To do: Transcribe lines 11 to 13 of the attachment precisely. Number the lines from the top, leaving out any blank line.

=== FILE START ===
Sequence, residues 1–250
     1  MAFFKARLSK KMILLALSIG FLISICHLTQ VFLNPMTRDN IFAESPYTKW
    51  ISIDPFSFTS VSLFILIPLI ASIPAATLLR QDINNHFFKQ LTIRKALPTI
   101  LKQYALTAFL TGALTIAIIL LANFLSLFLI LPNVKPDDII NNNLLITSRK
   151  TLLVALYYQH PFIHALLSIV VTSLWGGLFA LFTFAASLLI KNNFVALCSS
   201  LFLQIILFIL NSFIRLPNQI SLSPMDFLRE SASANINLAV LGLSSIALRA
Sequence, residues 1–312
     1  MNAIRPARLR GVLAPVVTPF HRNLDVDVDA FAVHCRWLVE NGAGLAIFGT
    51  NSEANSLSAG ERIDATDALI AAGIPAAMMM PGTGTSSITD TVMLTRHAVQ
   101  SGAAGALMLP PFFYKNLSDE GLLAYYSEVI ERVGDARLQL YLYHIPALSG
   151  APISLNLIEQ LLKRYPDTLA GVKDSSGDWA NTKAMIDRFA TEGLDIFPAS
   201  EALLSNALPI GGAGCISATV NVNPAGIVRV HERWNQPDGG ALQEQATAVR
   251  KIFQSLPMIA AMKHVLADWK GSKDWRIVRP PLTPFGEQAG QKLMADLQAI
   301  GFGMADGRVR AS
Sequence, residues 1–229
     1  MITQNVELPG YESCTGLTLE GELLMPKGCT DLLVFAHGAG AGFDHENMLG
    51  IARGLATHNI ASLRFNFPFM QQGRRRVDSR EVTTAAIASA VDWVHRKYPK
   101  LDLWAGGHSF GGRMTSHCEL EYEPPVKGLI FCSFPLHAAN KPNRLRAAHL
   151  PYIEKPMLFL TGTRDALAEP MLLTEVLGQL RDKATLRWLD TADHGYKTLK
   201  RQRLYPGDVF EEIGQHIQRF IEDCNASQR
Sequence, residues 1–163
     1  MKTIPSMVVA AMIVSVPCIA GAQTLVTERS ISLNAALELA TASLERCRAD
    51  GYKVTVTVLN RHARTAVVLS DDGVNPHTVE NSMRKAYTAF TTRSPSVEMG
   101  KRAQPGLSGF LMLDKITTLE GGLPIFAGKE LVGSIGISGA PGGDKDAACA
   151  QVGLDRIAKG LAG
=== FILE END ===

   151  APISLNLIEQ LLKRYPDTLA GVKDSSGDWA NTKAMIDRFA TEGLDIFPAS
   201  EALLSNALPI GGAGCISATV NVNPAGIVRV HERWNQPDGG ALQEQATAVR
   251  KIFQSLPMIA AMKHVLADWK GSKDWRIVRP PLTPFGEQAG QKLMADLQAI